Eashana Subramanian said she noticed how having a routine was important to her 9-year-old sister, Meghana.
"Meghana follows a very strict routine," the girls' mother, Gayathri, told ABC News. "Every day in the morning it starts with brushing her teeth, combing her hair, dressing up and getting ready for school. She has to know what comes next because if you make her do something that she's not expecting then she throws a tantrum. ... It throws the rest of the day off."
"My parents struggle with giving [Meghana] tasks because they don't know what's happening in school because the communication is not that great between the teachers and parents," Eashana added. "I looked at all these problems and said this had to be solved somehow or made easier for my parents. So I thought of AutBuddy that could have features to fix the problems -- not fix but help."
So, Eashana and her middle school friends in Derwood, Maryland, developed an app called "AutBuddy" that helps children on the autism spectrum maintain a routine at home and in school.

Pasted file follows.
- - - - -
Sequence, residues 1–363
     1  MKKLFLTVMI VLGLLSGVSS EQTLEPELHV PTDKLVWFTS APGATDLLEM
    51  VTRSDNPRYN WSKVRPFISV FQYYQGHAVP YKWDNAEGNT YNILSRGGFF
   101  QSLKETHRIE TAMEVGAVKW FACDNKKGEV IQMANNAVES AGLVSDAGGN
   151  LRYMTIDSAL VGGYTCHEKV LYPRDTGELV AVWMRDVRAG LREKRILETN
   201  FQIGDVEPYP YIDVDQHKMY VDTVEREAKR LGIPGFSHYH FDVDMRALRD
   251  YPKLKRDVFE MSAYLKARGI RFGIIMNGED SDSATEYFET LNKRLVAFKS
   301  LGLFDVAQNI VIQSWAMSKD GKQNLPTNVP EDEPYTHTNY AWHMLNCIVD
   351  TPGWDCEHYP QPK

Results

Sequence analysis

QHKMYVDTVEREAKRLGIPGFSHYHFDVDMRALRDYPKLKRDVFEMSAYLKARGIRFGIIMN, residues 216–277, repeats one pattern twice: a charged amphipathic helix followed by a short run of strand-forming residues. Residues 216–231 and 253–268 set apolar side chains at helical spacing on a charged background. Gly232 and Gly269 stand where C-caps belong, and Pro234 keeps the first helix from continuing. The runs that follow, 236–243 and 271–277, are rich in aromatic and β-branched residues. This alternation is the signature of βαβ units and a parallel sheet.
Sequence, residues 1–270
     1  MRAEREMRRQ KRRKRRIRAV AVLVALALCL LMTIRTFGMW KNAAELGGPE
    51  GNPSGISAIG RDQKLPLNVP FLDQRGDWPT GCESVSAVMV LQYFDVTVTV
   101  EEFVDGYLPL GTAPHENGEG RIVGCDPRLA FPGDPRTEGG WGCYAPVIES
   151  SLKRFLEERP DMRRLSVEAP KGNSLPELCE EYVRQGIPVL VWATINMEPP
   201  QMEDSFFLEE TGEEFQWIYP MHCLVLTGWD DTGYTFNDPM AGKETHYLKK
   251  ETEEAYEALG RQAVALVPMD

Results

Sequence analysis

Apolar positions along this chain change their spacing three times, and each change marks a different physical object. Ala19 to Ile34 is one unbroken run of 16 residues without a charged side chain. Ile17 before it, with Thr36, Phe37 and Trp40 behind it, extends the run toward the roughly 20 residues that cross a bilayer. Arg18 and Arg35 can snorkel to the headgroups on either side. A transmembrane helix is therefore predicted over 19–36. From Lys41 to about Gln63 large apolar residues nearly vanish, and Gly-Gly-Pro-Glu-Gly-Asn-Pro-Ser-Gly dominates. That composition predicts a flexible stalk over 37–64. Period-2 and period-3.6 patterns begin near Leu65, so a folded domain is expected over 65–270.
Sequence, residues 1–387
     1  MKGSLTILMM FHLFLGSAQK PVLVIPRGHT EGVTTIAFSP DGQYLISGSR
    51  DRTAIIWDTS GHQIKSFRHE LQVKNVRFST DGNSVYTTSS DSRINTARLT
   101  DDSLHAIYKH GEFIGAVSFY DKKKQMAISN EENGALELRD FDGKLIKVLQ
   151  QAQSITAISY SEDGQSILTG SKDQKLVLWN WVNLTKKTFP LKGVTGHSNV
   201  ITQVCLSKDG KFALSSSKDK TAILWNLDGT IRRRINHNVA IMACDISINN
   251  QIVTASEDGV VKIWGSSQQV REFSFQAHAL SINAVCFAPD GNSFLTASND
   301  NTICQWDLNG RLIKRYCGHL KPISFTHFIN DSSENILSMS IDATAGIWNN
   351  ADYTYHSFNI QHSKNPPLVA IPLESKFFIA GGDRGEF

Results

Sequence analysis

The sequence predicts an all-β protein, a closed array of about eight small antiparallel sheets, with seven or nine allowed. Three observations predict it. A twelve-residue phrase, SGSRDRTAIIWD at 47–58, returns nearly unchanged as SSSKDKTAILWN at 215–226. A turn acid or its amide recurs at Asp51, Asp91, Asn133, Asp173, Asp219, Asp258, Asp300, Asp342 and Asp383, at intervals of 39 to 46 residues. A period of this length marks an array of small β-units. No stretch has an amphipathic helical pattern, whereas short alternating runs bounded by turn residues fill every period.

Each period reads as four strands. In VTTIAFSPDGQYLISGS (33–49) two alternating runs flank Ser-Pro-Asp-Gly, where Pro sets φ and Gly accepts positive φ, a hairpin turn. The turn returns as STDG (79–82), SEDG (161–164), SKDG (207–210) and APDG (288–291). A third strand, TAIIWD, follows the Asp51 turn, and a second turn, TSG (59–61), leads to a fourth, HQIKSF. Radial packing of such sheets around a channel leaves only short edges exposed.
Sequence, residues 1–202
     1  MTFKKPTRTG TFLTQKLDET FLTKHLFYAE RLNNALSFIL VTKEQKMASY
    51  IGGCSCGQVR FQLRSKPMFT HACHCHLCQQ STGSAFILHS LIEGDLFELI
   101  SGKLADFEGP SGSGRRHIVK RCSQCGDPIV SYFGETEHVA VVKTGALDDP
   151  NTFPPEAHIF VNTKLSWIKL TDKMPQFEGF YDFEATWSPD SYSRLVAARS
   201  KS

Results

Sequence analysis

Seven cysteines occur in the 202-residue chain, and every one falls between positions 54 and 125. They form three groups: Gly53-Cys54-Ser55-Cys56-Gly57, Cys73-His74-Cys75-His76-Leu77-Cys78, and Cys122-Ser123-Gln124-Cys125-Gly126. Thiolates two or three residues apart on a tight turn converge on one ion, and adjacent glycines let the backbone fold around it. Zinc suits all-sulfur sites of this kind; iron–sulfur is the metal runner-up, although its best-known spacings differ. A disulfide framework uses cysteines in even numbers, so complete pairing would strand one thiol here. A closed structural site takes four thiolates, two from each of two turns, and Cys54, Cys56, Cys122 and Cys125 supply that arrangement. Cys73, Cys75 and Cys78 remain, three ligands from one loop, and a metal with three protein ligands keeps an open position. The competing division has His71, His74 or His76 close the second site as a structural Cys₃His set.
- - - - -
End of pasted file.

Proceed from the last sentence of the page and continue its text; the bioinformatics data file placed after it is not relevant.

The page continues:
The customizable app allows parents and teachers to communicate in real time, along with other functions to help "children on the spectrum function on the same level," the sixth-grader said.
AutBuddy was developed by Eashana along with students in the Adventure in Science Club, a Maryland-based nonprofit group that promotes science, technology, engineering and math education. The team, headed up by adviser Siva Reddy, also included Madhuri Kola, Ojas Jagtap, Raiyan Rizwan, Neha Chandra and special education teacher Bindu Tupakula. They were one of nine student teams who won $20,000 in the 2016 Verizon App Challenge.
The team will now work with members of the MIT Media Lab to produce the app. According to Gayathri, it will launch on Google Play on June 1.